The following is part two of a two (or three) part guest blog by Leslie Gregory of Swanville, Maine. Paddling with Leslie, I am frequently reminded that when seeking adventure or beauty, it is not always necessary to look far from home.
October 26 I brought River Runner back from the lake to venture down for autumn’s waning afternoons. I launched from the dam and noticed the river wasn’t as low as last spring. But as I rounded the bend and came upon an 8 ft beaver dam, I was stunned at how severe a drop had been created; the water was low and sluggish; easy to spot small trickles I hoped would keep me buoyant.
All week I couldn’t wait to get out of school and hurry home to take advantage of the warm and sunny afternoons. Daylight savings was yet to come, and I wanted to weave the golden reflections into my thoughts, offer optimism and ponder beauty. I knew I was a ridiculous sight, biking across the street, wearing my life preserver and spray skirt, but the bike ride let me maximize the daylight when minutes counted.
Below, the river widened and deepened a bit with familiar long lengths of skyway, and I’d feel my boat drift sideways around the turns to enter into another stretch. I noticed slender pickets of sticks planted in the edge of the river banks, tagged with neon orange. Signs of trapping. The beaver dams and lodges are up above; here where the river widens out there are muskrat and otters as well.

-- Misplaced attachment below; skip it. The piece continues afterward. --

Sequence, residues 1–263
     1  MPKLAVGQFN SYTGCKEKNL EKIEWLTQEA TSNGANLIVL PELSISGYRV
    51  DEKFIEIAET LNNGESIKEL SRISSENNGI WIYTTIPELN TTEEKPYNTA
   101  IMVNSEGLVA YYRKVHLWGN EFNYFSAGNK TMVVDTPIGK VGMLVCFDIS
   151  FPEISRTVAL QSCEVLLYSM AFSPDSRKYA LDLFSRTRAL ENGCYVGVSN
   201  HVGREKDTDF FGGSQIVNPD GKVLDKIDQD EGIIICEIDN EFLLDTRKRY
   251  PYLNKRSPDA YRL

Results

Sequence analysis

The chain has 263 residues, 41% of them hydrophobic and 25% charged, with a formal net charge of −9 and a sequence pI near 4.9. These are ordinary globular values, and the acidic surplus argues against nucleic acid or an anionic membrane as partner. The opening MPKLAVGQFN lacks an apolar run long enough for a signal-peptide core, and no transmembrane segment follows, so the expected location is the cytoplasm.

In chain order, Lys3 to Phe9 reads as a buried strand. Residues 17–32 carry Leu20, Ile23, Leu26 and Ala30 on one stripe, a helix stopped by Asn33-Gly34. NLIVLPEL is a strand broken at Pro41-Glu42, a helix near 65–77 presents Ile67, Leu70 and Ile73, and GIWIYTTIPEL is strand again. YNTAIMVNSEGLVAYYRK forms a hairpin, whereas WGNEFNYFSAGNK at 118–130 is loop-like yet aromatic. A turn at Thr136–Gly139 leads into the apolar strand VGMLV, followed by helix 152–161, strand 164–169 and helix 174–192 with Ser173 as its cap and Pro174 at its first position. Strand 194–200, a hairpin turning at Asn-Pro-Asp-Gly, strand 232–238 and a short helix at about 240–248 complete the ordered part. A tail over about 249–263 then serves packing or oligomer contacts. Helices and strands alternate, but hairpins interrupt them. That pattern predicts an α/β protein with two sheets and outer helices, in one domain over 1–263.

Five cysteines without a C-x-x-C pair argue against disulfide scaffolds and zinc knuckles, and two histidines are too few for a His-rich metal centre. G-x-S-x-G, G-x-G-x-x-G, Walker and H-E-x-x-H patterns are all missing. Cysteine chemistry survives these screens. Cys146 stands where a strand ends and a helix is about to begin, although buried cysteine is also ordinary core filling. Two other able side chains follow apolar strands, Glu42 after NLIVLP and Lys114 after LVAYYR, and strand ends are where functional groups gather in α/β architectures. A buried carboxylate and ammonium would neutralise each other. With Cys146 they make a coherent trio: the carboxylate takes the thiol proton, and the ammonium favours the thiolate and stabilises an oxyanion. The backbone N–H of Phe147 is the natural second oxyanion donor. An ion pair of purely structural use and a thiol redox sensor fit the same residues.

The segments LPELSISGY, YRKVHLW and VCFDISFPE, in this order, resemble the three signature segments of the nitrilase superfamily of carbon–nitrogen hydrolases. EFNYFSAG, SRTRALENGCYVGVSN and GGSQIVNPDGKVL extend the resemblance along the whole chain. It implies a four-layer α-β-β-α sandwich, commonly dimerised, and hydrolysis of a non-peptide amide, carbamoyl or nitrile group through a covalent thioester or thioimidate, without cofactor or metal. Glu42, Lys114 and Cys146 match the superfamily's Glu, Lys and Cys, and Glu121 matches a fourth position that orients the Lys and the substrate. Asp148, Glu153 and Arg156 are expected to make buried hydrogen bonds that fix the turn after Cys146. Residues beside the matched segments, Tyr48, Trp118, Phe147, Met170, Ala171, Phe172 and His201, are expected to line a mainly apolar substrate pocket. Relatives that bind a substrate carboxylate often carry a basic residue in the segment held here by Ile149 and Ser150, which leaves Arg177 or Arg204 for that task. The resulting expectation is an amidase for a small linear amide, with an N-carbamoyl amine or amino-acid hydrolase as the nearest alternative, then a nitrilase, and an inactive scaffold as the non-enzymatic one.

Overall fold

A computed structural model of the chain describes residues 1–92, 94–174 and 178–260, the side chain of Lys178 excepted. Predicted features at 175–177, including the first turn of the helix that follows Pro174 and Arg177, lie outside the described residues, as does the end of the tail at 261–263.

I love getting out to the pond to feel the magic of the afternoon light. The new moon lingers in the western sky. There’s a turtle basking on a rock in the pickerel weeds. There’s peace in the valley until a dog up on the hill senses my presence and starts barking. Reluctantly I paddle home, breathing in the deepening purple shadows, grateful I can enjoy such tranquil moments.